Social Project Management introduces the concept of “peer-to-project” communication, which we explored in a previous post. Peer-to-project communication starts with the idea that the project is an entity that can be communicated with, and an entity that can communicate back. With Social Project Management, this is the reality.
For example, let’s look at Facebook. When a person interacts with Facebook, his or her activity stream (wall) is the communications channel. Friends’ have walls and, more importantly, things like businesses, causes, animals, etc. also have walls. These activity streams that are for “non-humans” behave (in general) the same way as people’s activity streams. Users of Facebook “subscribe” to information by liking things and “friending” people. Once that connection is made, the activity streams of people and things are linked, and can communicate bi-directionally. Importantly the distinction between people pages and “thing” pages dissolves.
Where social project management builds significantly more value than other web-based collaboration tools is with the richness of the project entity. Rather than being simply a container through which teams can collaborate, a social project management system build collaboration around the typical tools of the project manager, including a work breakdown structure and project schedule.
In a social project management setting, when a user is added to a project, they subscribe not just to the collaboration framework for the project, but also to all that the work breakdown structure and schedule provide. First, a project user receive access to post things to the wall, and they receive status updates when others post there. Importantly, the project itself can also post there.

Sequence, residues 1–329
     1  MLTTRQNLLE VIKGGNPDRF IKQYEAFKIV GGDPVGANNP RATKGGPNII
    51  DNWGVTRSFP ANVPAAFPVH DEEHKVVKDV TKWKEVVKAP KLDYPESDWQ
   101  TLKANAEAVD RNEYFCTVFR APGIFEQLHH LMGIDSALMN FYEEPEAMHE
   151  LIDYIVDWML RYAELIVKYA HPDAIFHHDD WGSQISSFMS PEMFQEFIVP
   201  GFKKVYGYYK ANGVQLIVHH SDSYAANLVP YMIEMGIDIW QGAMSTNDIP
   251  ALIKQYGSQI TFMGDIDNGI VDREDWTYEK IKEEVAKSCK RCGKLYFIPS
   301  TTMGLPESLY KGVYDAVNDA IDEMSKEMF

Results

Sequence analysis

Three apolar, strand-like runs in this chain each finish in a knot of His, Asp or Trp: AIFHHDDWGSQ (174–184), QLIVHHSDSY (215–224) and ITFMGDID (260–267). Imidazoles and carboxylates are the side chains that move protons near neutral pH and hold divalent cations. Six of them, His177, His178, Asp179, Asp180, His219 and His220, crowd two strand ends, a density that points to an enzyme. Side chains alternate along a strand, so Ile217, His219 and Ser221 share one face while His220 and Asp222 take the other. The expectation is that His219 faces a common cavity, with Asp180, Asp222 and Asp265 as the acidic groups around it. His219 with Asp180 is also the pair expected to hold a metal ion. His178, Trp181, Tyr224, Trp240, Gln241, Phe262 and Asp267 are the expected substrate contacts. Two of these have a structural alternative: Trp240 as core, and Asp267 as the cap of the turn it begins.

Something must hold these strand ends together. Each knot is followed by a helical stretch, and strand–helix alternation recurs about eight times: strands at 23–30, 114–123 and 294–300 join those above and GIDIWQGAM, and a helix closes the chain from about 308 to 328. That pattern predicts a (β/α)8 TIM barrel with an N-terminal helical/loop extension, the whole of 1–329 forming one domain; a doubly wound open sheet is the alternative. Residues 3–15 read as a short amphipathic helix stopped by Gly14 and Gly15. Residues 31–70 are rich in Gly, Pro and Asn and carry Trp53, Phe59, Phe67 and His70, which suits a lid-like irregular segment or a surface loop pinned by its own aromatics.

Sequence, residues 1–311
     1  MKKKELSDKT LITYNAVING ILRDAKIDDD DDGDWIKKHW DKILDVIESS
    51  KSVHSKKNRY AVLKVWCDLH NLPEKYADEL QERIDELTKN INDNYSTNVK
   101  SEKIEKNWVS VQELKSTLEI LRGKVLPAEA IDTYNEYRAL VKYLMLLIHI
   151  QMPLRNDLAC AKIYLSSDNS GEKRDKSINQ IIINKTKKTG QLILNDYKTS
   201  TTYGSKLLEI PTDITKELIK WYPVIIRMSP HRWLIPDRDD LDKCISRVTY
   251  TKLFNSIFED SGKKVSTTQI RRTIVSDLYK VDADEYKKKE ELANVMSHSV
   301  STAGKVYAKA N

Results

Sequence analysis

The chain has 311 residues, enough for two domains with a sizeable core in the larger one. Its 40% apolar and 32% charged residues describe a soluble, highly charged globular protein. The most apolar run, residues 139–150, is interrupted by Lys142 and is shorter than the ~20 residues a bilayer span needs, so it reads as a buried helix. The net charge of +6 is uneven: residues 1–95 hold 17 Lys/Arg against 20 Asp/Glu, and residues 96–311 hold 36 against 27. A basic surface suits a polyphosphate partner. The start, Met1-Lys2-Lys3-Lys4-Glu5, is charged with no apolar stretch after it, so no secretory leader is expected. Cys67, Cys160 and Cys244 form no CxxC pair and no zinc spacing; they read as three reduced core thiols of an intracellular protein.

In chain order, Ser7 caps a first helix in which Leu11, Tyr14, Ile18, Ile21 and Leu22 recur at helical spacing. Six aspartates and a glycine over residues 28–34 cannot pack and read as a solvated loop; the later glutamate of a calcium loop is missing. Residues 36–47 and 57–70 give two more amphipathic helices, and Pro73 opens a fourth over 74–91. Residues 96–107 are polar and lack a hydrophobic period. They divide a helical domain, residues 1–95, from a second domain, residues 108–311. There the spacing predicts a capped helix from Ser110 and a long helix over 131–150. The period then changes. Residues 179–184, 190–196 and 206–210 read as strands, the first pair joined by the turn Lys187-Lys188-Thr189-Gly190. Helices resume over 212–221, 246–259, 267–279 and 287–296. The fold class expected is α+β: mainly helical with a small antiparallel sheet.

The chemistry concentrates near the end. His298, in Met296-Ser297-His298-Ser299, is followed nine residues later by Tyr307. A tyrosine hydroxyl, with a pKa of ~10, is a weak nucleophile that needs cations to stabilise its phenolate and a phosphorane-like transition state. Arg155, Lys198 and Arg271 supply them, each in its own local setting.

So, second, when a person finishes a task, it is published to the project wall by the project, eliminating the need for the person to complete a separate reporting task. Third, when a task is in danger of being late, the project can communicate via the wall and make the risk known to everyone. Fourth, when a task is completed, the project can communicate to the team and let them know which other tasks can now begin.
While this scenario focuses on the communications benefits of social project management, we will discuss the power of social project management for risk management, resource management and management reporting in a future post.
In a real sense, the large portion of a person’s project communication can be re-focused to the project as peer-to-project communication, rather than as direct peer-to-peer communication. While we would never argue that limiting peer-to-peer communication is a positive thing, with distributed teams, the more that peer-to-project communication is adopted, the more ambient awareness can be generated, and the more a non-collocated project team can “feel” like a collocated team.
Peer-to-project communication via the activity stream helps team members and others understand what is going on, even if they are not directly involved with every task. Making the project itself a communicating member of the team is a great step to building awareness, especially as the size of the team grows, and the geography of the team widens.